Just days after the Trump-ordered assassination of the powerful Iranian general Qasem Soleimani in Baghdad, the aftermath has already led to an escalating political disaster for the U.S. in Iraq. On Sunday, Iraqi lawmakers voted to expel U.S. troops, powerful Shiite cleric Moktada al-Sadr called for closing the U.S. embassy in Baghdad, and the U.S.-led coalition working to prevent a resurgence of ISIS in Iraq and Syria paused operations amid expectations of more attacks on U.S. forces by Iran and its allies.
Embattled Iraqi prime minister Adel Abdel Mahdi urged lawmakers on Sunday to vote to expel U.S. troops from the country, and a majority of them subsequently did during an emergency session of Iraq’s parliament. The end result reflected sectarian division, however, since Sunni Muslim and Kurdish lawmakers, who reportedly want the U.S. to stay, skipped the session entirely. The final vote total was 170-0 in favor of expelling U.S. troops and filing a complaint with the United Nations over the breach of Iraq’s sovereignty. 158 members of parliament did not attend or vote.
The Trump administration reportedly tried to prevent the vote, as well. According to Axios, “administration officials have warned senior Iraqi officials that Iraq would suffer dangerous consequences if the U.S. withdrew its military and its funding of the Iraqi security apparatus.” A State Department spokesperson called the vote “disappointing” and said the U.S. was urging Iraqi lawmakers to reconsider while awaiting “further clarification on the legal nature and impact of today’s resolution.”
The other clarification the State Department is probably going to need is from President Trump, whose opposition to funding Iraqi security is well established, so he may see Iraq ditching the U.S. as a net gain with or without the consequences American diplomats fear.
In the meantime, it does not appear that Sunday’s vote is legally binding, as Abdel Mahdi’s government has severely limited power following mass resignations — including his — after widespread protests against corruption in the country.
Iran-backed Shiite militias have led the charge to expel the U.S. from the country following the U.S. drone strike which killed Soleimani and Abu Mahdi al-Muhandis, a powerful Shiite militia leader in Iraq, as their convoy drove away from the Baghdad airport in Thursday. Ahead of Sunday’s session of parliament, some of the assembled lawmakers erupted into anti-America chants.
In his comments on Sunday, Prime Minister Abdel Mahdi decried the U.S. strike as illegal and defended Soleimani, claiming that the Iranian general was his guest and that they had planned to meet on the morning he was killed to go over a Saudi proposal to defuse tensions. He also said that before the drone strike, Trump had called him to request he help mediate the conflict with Iran.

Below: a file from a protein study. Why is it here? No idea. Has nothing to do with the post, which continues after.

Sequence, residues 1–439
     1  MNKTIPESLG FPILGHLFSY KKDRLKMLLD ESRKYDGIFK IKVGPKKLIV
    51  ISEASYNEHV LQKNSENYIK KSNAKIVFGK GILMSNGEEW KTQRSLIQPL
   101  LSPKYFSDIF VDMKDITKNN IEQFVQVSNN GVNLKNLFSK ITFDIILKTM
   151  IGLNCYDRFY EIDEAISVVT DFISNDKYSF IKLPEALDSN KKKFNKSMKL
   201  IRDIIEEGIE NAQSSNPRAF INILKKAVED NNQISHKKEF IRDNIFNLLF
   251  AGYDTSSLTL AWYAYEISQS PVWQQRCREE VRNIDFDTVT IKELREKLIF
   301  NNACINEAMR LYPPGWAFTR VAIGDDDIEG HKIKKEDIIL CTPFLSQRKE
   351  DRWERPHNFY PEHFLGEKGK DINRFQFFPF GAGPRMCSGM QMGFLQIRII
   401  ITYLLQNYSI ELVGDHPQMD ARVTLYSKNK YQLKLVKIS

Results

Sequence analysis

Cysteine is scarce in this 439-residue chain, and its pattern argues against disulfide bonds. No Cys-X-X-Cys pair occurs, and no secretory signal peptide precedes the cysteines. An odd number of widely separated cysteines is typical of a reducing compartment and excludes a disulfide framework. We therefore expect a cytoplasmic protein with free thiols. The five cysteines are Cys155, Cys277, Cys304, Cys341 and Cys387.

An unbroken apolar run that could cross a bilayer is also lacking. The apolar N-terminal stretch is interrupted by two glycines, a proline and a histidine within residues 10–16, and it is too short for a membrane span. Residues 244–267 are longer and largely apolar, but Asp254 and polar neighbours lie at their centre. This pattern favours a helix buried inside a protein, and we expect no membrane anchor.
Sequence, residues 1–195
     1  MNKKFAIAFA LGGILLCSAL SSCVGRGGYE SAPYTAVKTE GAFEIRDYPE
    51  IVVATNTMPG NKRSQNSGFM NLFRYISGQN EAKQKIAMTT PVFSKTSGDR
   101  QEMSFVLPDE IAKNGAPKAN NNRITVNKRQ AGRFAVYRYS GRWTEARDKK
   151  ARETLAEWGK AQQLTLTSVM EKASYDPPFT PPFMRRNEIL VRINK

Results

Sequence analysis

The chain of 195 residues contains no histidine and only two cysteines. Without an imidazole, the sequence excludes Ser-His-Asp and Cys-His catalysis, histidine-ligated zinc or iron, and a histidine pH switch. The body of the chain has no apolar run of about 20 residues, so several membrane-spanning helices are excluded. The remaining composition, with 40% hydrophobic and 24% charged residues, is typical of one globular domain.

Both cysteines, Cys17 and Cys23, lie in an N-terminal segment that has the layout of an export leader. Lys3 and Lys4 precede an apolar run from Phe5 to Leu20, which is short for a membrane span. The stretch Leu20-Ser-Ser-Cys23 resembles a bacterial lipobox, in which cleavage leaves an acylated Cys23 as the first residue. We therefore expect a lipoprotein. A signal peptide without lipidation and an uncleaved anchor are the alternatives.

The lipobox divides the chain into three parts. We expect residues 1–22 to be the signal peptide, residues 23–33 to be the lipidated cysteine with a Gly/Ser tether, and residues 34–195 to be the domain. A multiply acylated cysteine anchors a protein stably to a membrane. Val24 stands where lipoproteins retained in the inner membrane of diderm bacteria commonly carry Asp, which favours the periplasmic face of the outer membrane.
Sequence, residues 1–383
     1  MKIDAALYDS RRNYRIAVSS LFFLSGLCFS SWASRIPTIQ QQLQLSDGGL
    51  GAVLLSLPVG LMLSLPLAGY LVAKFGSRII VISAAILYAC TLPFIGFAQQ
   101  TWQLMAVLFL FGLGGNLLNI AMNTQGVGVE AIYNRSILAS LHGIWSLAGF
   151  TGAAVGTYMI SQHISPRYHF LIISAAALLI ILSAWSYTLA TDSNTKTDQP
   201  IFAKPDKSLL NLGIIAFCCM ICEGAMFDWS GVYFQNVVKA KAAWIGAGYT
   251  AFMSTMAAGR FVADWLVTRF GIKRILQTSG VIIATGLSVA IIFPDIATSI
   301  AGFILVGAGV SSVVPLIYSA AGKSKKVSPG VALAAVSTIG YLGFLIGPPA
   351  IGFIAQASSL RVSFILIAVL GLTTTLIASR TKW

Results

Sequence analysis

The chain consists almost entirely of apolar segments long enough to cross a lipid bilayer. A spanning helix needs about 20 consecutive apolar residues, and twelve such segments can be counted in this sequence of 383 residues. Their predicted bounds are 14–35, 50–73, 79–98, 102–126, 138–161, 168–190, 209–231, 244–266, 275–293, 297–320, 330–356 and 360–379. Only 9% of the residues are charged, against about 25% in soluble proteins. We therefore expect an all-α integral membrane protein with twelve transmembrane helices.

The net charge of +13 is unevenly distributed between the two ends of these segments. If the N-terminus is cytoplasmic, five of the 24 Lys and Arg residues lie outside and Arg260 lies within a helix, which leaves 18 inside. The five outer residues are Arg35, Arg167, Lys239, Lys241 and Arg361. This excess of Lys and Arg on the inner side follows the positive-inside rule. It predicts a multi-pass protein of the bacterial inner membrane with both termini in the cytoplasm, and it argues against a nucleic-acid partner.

Moktada al-Sadr, the Shiite cleric who is arguably the most powerful person in Iraq — and who once led a Shia insurgency after the U.S. invasion — later criticized the country’s lawmakers for what he called a “weak response insufficient against American violation of Iraqi sovereignty and regional escalation.” Per Reuters, al-Sadr called for ending of the U.S.-Iraq security agreement, closing the U.S. embassy in Baghdad, banning communication with the U.S., and a “humiliating” expulsion of U.S. troops from the country. He also called for the formation of regional axis of resistance against the U.S., days after he said he was reactivating two of his militia forces in Iraq in response to the U.S. strike.
Lastly, just minutes after the Iraqi parliament voted, the head of the U.S.-led coalition to combat ISIS in Iraq and Syria announced that anti-ISIS operations have ceased, “subject to continuous review,” as a result of the recent rocket attacks by Iran-backed militias on bases hosting coalition troops. The statement did not mention the retaliation Iran has vowed on U.S. forces, but explained that coalition troops now had to focus on protecting the Iraqi bases instead of fighting ISIS. It is the second major setback for the coalition in recent months, following President Trump’s sudden decision in October to withdraw U.S. forces from northwestern Syria and hastily abandon America’s longtime Kurdish allies on the eve of a Turkish-led invasion. The resulting mess upended the effort to continue subduing ISIS in its former heartland.
This post has been updated to include the Trump administration’s efforts to block Sunday’s vote and subsequent response to the outcome.